For more details on this legislation, including a list of the amendments adopted, click here.
|Oklahomans in the News - Mark Goeller Named New State Forester, Matt Muller Appointed to State Water Board and More
Several folks in the news this week we wanted to shine the spotlight on, today.
First up, Mark Goeller, was named by Oklahoma Secretary of Agriculture Jim Reese as our new State Forester and Director of Oklahoma Forestry Services. Goeller has served Oklahoma Forestry Services, a Division of the Department of Agriculture, Food and Forestry, for the past 33 years. He has held various positions with the division, the latest being Fire Management Chief and Assistant Director since 2005. Read more about Goeller's promotion at ODAFF, here.
In other news, Matt Muller, a Jackson County Farm Bureau member and fourth generation farmer, has been chosen by Gov. Mary Fallin to serve a seven-year term on the Oklahoma Water Resources Board. In this new role as a director with the OWRB, Muller will represent a diverse group of water users from regions all across the state, helping to define policy and conduct the state's water business. Read more about Muller's appointment, here.
Finally, although Dr. John Peterson of the Neogen Corporation is not an Oklahoman, he will at least be visiting during the Oklahoma Cattlemen's Association's 66th Annual Convention & Trade Show to speak with OCA members about the 'Business of Genetics' which happens to be the them of this year's event. The mission of Neogen Corporation is to be the leading company in the development and marketing of solutions for food and animal safety. With state-of-the-art genetics laboratories and the comprehensive bioinformatics to interpret genetic test results, Neogen offers identity and trait determination and analysis. For more on Peterson's talk scheduled for the OCA Convention, plus details on how to get registered for this year's event, click here.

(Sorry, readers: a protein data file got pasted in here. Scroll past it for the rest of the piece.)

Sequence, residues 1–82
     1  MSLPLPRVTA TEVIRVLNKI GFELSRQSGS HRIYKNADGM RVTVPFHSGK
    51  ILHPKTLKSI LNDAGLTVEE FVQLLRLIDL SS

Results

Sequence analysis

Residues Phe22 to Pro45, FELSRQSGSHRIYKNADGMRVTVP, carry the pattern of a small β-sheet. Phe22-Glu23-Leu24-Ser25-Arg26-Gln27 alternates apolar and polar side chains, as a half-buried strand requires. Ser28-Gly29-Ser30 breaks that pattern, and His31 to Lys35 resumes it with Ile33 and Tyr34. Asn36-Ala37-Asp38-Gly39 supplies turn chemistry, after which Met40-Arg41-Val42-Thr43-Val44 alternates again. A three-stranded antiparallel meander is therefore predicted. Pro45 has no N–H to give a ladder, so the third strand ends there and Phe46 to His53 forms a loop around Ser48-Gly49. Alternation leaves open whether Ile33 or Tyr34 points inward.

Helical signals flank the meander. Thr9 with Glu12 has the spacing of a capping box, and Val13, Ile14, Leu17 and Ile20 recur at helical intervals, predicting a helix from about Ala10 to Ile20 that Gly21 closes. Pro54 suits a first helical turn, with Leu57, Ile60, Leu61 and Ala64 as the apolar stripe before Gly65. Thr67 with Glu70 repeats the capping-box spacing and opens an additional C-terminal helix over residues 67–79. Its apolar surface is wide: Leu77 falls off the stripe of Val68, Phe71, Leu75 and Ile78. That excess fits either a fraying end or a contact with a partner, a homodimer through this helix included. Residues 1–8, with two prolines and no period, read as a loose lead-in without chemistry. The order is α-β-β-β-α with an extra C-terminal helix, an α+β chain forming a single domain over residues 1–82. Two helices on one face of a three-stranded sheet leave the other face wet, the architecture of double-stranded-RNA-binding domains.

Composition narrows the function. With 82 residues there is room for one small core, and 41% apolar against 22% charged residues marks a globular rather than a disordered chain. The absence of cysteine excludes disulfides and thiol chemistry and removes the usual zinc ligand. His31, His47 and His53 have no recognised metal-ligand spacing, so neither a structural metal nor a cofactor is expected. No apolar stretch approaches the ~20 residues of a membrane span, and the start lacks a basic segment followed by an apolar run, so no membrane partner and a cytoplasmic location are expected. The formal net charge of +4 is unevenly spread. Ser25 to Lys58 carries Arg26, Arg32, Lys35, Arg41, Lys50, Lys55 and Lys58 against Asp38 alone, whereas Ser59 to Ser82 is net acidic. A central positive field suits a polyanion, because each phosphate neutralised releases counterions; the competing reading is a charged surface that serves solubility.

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|OSU Researchers Test the Fear Factor of Food Preferences in the May Edition of the FooDS Survey
Most people are revolted at the thought of eating bugs, but if you think about it, a number of foods we consider ordinary might also be considered distasteful if we weren't so used to eating it. Consider honey, which is akin to honeybee vomit, or oysters, which frankly looks like giant balls of snot. If many people regularly consume oysters, might they one day consider crickets or sago worms an ordinary food?
Researchers at Oklahoma State University set out to test this in the ad hoc portion of the April and May edition of the Ag-Economics Department's Food Demand Survey (FooDS). This month, surveyors identified people who have never consumed crickets or oysters and then asked them the extent to which they would consider eating the food on a regular basis if they liked the taste and believed it safe to eat.
According to the survey, the 765 participants who had never eaten crickets or oysters were just as willing to eat cricket-based foods as they were willing to eat oysters. These 765 individuals dislike the idea of consuming either, yet it is clear that many other individuals do indeed like eating oysters. The survey suggests that if oysters have become a standard food for many, perhaps insect-based foods might one day as well.
For more highlights or a look at the full report on the results of this month's survey, click here.